What is Allelopathy? | TechGape

What is Allelopathy?


ALLELOPATHY: ANIMOSITY AMONGST PLANTS FOR GROWTH   -Dr. Prashant Arya   Animosity is prevalent amongst plants – Trees just like h...


-Dr. Prashant Arya 

Animosity is prevalent amongst plants – Trees just like human beings and animals. This speciality has been discovered in a few plants only. Fungi, micro-organism, paramecium and a few angiosperms (the plants which seeds are covered) are a few forms of plant kingdom which have this sort of speciality. Such plants with the salient features/speciality release a particular chemical in soil and surrounding environment; as a result it affects the growth and development of other plants. This queer but surprising behaviour of plants has been termed as ‘Allelopathy’ and the released chemical is known as ‘Allelo-chemical’. The effect of the chemical on plants is either positive or negative. The positive effect is termed as ‘positive Allelopathy’ whereas negative effect is known as ‘negative Allelopathy’. Babul, Garlic, Walnut, Tobacco, Peas, Sorghum grass are such plants which possess the speciality ‘Allelopathy’. 

Austrian Scientist Hans Molish in 1937 used the word - ‘Allelopathy’ in his book written in German language. In fact, the term ‘Allelopathy’ has been derived from Greek language which means mutual loss or suffering. Hans Molish used the word ‘Allelopathy’ as ‘It is a biochemical found in plants which hampers the growth of neighbouring plants’ 

If we trace the history of plant development, the readers would know that the Father of Botany Theofrastus has described this speciality of plants in 300 B.C. He further described that a few plants release a chemical which render soil infertile and destroy weeds. 

Plants scientist– Augustine Piramus Dey Candole, in 1832, expressed that due to release of chemicals by certain crops, the fertile content of soil get decimated and as a result the soil turns into barren. In 1907-1909, two researchers viz. Shriver and Reid were successful in separating such biochemicals from plants and soil. In 1971, scientists – Whittekar and Fenny discovered and revealed in their exhaustive Research Paper that Allelo chemicals found in plants are similar to bio-chemicals. 

Practically allelo chemicals may be present in any part of the plant. These may be located in leaves, flowers, fruits, roots, trunk as well as anywhere in the said areas. These can be traced in the surrounding soil. Allelo chemical may target plants; it can stop the growth of trunk/root, can slow down or stop the transportation of nutrients or may affect mutual relations of other inter-dependant plants. 

Allelopathy is a form of chemical competition in plant community. In the competition, one species of plant compete with other species of plant to secure sun light, water and other nutrients. Plants which adopt allelopathic behaviour prevent other plants to utilize necessary natural resources for its survival. It is a fascinating behaviour of such plants.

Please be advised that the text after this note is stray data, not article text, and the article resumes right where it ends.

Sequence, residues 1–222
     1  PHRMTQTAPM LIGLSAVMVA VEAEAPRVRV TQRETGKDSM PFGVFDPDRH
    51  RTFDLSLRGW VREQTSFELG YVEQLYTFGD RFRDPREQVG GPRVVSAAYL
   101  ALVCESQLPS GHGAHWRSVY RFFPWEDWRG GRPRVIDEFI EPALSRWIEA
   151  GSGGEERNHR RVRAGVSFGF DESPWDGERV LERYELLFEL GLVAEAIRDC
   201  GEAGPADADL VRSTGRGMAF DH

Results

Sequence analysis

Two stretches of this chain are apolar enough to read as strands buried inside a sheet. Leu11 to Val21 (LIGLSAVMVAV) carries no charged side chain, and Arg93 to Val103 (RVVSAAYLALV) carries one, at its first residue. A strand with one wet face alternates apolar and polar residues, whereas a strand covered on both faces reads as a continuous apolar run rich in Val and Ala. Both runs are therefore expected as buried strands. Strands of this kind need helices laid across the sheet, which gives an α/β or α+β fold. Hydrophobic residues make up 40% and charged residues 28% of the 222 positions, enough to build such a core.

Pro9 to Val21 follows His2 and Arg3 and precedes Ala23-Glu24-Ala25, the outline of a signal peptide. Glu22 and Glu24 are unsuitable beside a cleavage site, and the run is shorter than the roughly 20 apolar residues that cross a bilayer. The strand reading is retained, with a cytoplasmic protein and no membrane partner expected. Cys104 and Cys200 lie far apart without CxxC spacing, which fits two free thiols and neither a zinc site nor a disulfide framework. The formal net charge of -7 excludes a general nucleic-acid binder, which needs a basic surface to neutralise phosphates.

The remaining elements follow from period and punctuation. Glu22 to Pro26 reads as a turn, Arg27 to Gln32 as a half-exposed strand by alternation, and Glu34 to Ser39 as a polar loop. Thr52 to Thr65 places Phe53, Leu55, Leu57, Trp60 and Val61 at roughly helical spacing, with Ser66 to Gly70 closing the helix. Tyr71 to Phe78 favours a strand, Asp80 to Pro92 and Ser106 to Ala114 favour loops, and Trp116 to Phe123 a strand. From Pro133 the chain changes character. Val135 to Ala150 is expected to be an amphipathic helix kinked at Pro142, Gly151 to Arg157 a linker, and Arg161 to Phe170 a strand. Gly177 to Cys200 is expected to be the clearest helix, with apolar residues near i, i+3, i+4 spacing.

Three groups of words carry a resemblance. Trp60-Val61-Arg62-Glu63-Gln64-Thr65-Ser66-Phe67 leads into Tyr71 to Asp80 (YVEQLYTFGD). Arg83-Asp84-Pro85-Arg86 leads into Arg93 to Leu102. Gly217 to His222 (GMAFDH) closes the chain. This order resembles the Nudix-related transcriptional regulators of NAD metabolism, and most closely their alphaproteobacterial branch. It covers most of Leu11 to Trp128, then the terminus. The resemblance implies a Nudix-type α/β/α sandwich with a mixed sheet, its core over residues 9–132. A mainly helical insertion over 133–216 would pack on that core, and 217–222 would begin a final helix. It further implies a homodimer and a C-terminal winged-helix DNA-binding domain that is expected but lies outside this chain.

In case of social forestry, the Allelopathic characteristics are very useful. Black walnut (juglms Ingra) releases an allelo chemical which is known as Juglon and interestingly it affects a lot a few species of plants whereas in case of species, it does not affect at all. The dry leaves of Eucalyptus and roots of the tree release a set of chemicals which is harmful for soil micro-organisms and plants species. Alenty Tree or Tree of Heaven (Allenthus, Alticeena) releases allelo chemicals which hinders the germination and growth of plants in the neighbouring areas. 

The plant breeders have discovered allelopathic characteristics in varieties of rice and the research in this direction is in progress. 

It has been discovered in North Motana, a plant named Kochia possesses the allelopathic characteristics and as a result, it hampers the growth of wheat. Kochia born allelo chemicals slow down the growth rate and height of wheat. 

In contemporary scenario, the scientists of the world are pursuing research – utilization of natural resource of allelo chemical to find out perpetual and substantative growth in agriculture. There are many allelo chemicals available in market which has the potential of making the agricultural crops weed and pests resistant. Laptospormon is one such example of allelo chemical.
keywords: allelopathy journal, allelopathy pdf, allelopathy examples, allelopathy in plants, allelopathy in weed management, allelopathy in weeds, allelopathy meaning, allelopathy experiments, allelopathy articles, allelopathy definition, allelopathy research, allelopathy examples



TechGape: What is Allelopathy?
What is Allelopathy?
Loaded All Posts Not found any posts VIEW ALL Readmore Reply Cancel reply Delete By Home PAGES POSTS View All RECOMMENDED FOR YOU LABEL ARCHIVE SEARCH ALL POSTS Not found any post match with your request Back Home Sunday Monday Tuesday Wednesday Thursday Friday Saturday Sun Mon Tue Wed Thu Fri Sat January February March April May June July August September October November December Jan Feb Mar Apr May Jun Jul Aug Sep Oct Nov Dec just now 1 minute ago $$1$$ minutes ago 1 hour ago $$1$$ hours ago Yesterday $$1$$ days ago $$1$$ weeks ago more than 5 weeks ago Followers Follow THIS CONTENT IS PREMIUM Please share to unlock Copy All Code Select All Code All codes were copied to your clipboard Can not copy the codes / texts, please press [CTRL]+[C] (or CMD+C with Mac) to copy